July 23, 2023 - 10:07 am
Updated July 24, 2023 - 3:03 pm
Q: During a recent board meeting, which I did not attend, board members and the community manager engaged in a “bitch session” about myself and another homeowner, calling us “crazy.” They said we had no life and were bored. This is because we question their decisions and lack of adherence to protocol and procedures. (By the way, the manager reminded the board to not mention names but added, “They complain about every little thing.”)
We previously encountered this same behavior and complained to the board, to no avail. Article 12 of our bylaws states that all homeowners should be treated with respect.
We researched the Nevada Revised Statutes and found this behavior falls under threats and harassment and as such is considered a legal matter and the Ombudsman’s Office cannot help us.
The manager also mentioned that we will be listening to the recording of the meeting. We did that today!
How do we stop this appalling behavior?
Thank you in advance for whatever you can help us with.
A: You have three choices. Hiring an attorney to issue a cease and desist against the associations’ directors or recalling the directors or finding better homeowners to run for the board at your next election. There is no need for such behavior by the board. It’s this type of behavior that gives associations a bad name.
Q: Last August, my block wall was destroyed by a 17-year-old driver at 4 a.m. He actually lives around the corner from me. My HOA fought me heavily on repairing the wall and would not even board it up.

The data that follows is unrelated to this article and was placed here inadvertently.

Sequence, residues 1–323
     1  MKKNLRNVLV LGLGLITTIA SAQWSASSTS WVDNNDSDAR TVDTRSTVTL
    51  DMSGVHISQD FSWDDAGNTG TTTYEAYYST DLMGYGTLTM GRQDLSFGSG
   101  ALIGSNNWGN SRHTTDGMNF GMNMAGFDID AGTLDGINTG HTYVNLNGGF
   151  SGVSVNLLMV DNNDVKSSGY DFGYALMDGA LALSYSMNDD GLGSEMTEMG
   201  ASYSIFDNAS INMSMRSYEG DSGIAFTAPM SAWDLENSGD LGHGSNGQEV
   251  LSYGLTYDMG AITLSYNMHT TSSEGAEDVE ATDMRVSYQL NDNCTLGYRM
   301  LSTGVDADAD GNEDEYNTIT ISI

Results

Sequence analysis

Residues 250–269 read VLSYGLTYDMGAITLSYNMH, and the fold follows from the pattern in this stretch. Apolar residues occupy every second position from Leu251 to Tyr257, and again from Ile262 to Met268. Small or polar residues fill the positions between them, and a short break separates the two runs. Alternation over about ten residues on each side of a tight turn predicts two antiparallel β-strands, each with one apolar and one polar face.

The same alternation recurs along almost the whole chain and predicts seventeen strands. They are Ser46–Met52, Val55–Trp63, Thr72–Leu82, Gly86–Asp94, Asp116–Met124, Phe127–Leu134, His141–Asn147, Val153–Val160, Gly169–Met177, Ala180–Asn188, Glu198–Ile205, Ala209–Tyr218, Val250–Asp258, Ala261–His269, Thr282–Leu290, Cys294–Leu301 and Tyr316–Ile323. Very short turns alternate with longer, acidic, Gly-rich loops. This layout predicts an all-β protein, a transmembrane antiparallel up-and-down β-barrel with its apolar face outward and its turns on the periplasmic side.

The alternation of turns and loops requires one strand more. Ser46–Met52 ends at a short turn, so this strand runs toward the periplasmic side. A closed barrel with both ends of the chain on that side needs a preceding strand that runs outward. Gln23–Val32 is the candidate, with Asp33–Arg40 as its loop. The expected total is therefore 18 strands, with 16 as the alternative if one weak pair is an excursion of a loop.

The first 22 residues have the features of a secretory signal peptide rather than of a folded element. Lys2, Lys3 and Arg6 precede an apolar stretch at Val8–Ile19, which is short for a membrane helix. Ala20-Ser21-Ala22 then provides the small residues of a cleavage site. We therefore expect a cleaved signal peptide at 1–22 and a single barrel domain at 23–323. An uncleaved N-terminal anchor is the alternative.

After many weeks of negotiation, I was told by a neighbor, who was a former HOA board member, that the HOA did indeed have insurance to cover this damage.
The HOA board wanted me to use my homeowners insurance to repair the fence. The block wall is actually the HOA’s responsibility as it is a common wall bordering entrance to my neighborhood. The director told me that the HOA would not repair or board up my wall. Thankfully, I was put in touch with the insurance company, and they did repair my wall after months of my backyard being exposed to foot and car traffic.
My question is this: Can anything be done to the person responsible for the mental duress caused me by the director? I am a retired educator living on a fixed income, and I would hate to think that this could happen to someone else in my position. Thank you so much for your time and consideration.
A: You would need to hire an attorney to sue the individual and the association. You probably should contact a personal injury attorney and see if the firm is willing to take your case. You would need some documentation as to the mental stress from your doctor in order to assist the attorney in providing a case against the director and the association.
Barbara Holland, CPM is an author, educator, expert witness on real estate issues pertaining to management and brokerage. Questions may be sent to email@example.com.